Apples also improve neurological health. They are particularly rich in the antioxidant quercetin, a substance found to help reduce cellular death caused by oxidation and inflammation of neurons. They also help prevent dementia and reduce the risk of stroke. Pass the apples, please.

baked apple slices paleo vegan sugar-free

Go Naked

Baked apples usually come loaded with all sorts of fixins like dried fruit, sugar, and oats or granola. Totally delicious, but full of unnecessary added sugars and fussiness for my purposes. So I made em naked.

I plopped the slices on the baking pan, drizzled some water and vanilla extract over them, and put them in for just 10 minutes. Result? Perfection. (Well for my simple purposes anyway!)

I sprinkled some cinnamon on top of the slices before dipping them in, and bam it was like apple pie meets pumpkin pie in the easiest, healthiest way possible.

These naked baked apple slices can be served as a quick healthy snack or dessert in their own right, and with under 5 minutes of prep time and just 10 minutes in the oven, there’s pretty much no excuse to not make them!

baked apple slices paleo vegan sugar-free dessert

baked apple slices paleo vegan sugar-free dessert
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Naked Baked Sliced Apples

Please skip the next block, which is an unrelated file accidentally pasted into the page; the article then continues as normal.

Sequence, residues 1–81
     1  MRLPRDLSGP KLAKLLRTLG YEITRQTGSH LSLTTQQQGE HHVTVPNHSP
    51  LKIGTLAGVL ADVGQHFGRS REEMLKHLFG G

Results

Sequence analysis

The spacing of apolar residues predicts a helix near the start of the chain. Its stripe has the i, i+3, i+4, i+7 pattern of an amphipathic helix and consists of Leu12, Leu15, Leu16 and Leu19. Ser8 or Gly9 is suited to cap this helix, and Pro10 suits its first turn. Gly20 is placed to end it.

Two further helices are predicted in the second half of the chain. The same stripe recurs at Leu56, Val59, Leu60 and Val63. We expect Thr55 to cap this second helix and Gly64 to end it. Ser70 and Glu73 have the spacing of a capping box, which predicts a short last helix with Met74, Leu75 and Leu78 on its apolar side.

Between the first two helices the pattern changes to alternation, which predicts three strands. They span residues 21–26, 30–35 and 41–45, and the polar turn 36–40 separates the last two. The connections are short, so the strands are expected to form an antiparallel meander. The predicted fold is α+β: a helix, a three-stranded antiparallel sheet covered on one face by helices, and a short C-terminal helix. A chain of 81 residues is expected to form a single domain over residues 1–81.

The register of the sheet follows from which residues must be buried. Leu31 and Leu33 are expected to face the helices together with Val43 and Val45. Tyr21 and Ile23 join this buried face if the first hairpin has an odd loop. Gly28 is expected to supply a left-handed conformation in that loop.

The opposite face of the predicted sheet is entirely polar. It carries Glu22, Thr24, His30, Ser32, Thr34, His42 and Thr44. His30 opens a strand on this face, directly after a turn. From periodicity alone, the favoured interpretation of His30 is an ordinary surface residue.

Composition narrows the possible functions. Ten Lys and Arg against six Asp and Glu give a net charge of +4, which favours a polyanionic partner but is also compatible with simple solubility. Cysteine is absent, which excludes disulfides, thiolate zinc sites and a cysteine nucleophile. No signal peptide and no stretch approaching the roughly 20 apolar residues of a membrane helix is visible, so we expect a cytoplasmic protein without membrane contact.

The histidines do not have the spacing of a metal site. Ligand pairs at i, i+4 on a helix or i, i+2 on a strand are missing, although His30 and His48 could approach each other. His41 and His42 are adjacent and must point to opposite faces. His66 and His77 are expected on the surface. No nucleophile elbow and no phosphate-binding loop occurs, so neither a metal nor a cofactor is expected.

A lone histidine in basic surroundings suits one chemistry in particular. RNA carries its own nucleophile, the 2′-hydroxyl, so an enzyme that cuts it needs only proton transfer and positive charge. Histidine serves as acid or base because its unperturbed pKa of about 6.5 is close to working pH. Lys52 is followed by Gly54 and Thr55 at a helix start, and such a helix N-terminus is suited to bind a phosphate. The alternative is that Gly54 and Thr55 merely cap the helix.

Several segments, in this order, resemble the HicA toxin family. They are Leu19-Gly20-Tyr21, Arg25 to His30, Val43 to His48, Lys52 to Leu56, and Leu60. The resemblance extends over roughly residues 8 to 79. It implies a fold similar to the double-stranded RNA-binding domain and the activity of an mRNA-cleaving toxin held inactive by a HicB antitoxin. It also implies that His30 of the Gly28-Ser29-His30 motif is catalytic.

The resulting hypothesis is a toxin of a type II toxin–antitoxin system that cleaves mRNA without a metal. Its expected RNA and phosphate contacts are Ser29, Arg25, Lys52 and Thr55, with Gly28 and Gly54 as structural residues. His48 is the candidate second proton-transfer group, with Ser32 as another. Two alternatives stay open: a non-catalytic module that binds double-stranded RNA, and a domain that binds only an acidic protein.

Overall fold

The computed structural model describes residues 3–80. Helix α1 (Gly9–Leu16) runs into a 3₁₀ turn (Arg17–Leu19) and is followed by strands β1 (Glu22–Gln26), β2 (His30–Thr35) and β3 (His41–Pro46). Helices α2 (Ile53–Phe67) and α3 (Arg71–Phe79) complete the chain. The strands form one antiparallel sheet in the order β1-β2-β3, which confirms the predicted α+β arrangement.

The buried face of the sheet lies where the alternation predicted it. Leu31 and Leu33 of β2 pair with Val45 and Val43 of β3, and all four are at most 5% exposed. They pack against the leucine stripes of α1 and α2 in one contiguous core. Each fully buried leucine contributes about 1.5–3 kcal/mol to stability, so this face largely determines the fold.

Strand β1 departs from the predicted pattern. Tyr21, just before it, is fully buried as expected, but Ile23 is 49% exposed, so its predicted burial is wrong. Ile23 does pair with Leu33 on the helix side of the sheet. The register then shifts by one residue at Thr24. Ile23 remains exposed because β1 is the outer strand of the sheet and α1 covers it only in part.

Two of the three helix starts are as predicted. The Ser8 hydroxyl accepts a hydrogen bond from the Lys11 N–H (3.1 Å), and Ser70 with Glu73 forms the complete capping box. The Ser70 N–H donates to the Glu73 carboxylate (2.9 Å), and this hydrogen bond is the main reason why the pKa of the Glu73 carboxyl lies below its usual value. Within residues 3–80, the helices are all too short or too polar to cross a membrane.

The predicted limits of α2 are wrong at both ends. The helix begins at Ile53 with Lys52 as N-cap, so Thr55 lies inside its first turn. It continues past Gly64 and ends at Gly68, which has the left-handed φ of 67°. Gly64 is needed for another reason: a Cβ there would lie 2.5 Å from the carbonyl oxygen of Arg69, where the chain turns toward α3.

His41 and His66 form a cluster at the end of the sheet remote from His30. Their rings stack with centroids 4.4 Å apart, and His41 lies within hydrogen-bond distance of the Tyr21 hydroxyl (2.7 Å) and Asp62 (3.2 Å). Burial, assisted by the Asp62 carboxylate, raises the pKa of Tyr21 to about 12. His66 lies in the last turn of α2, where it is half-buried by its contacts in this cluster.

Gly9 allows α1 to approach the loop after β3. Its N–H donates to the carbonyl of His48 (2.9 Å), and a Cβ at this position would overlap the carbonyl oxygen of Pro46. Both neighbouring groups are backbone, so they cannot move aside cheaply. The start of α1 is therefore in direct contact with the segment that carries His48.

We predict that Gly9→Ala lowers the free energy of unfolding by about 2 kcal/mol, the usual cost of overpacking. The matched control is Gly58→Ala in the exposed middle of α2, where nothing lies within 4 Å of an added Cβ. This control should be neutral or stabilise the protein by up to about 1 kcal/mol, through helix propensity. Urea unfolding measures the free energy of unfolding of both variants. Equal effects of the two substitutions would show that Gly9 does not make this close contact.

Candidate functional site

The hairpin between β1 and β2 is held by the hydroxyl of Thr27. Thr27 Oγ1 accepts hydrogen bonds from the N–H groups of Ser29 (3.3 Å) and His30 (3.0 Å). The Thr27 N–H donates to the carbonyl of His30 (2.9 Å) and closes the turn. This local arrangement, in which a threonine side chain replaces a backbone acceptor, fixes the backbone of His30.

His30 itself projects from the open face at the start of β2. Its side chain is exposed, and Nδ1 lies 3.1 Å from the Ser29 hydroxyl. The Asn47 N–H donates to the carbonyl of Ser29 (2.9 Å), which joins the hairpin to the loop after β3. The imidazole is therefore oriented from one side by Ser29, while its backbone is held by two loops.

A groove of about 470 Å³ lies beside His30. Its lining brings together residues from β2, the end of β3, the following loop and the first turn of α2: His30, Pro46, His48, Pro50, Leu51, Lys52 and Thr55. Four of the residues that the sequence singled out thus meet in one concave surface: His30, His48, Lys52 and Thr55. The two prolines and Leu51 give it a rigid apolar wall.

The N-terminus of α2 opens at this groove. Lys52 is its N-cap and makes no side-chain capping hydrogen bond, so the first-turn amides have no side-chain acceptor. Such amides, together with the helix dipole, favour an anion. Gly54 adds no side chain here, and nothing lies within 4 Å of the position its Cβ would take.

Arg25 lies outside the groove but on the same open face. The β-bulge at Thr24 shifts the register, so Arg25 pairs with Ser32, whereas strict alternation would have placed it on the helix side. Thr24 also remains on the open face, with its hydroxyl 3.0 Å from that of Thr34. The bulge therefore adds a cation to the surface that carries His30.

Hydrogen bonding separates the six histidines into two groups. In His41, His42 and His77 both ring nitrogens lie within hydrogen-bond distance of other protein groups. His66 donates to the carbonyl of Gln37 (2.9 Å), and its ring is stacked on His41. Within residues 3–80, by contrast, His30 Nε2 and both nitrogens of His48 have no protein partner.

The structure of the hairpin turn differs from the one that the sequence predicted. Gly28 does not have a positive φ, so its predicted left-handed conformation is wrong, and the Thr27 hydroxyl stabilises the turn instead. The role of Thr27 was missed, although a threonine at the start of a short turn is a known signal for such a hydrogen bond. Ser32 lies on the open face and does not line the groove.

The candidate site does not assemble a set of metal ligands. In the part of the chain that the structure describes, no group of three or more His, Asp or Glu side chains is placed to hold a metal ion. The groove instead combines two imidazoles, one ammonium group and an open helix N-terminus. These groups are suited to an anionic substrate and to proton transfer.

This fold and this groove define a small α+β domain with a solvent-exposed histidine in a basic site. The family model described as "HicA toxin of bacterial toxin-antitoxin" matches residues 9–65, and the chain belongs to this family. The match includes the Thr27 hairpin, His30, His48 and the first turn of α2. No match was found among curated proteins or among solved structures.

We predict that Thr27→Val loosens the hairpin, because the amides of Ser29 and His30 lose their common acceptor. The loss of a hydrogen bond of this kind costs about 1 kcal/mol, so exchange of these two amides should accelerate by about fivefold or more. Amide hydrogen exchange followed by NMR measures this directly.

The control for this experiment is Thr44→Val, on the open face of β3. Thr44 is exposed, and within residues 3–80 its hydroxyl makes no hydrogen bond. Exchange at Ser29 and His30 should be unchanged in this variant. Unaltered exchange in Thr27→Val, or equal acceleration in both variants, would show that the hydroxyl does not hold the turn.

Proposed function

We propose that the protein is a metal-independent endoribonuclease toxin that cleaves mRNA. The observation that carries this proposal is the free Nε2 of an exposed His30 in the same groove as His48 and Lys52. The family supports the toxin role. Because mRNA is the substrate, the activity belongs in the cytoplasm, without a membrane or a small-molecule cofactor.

A quick, easy and healthy version of the classic baked apple. 

Course Appetizer, Dessert, Snack
Prep Time 2 minutes
Cook Time 10 minutes
Total Time 12 minutes
Servings 1

Ingredients

  • 1 apple
  • 1-2 tsp vanilla
  • 2 tbsp warm water really you don't need to be precise here. just need to add some water to the pan so the apples don't dry out.

Instructions

  1. Preheat the oven to 350F. Slice your apple. Place the slices on a pan. 

  2. Drizzle the apples with the water and vanilla. You can combine the vanilla with the water in a small cup before drizzling. 

  3. Place them in the oven for 10 minutes. Sprinkle with cinnamon and serve naked, or with my pumpkin pie dip.

Cauliflower Mash, 3 Ways: Vegan, Paleo, and Keto

Cauliflower Mash, 3 Ways: Vegan, Paleo, and Keto

Cauli Mash: The Best Thing to Happen to the Modern Thanksgiving Dinner Menu With Thanksgiving around the corner, I’ve been compiling, planning and creating delicious, healthy, diet-specific alternatives to the classic dishes. These days there are so many people with specific dietary restrictions, it can […]

Creamy Ginger Turmeric Squash Soup

Creamy Ginger Turmeric Squash Soup